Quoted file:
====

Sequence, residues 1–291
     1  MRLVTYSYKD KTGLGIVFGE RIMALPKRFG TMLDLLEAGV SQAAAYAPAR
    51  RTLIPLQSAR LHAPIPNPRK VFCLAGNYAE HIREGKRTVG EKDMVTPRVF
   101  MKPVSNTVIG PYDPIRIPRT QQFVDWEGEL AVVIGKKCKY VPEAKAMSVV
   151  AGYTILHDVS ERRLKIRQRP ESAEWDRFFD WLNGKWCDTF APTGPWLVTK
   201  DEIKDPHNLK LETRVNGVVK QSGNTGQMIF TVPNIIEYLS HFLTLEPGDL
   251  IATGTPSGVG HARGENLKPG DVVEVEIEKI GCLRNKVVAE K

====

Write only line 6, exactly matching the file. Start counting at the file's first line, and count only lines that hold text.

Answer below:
   201  DEIKDPHNLK LETRVNGVVK QSGNTGQMIF TVPNIIEYLS HFLTLEPGDL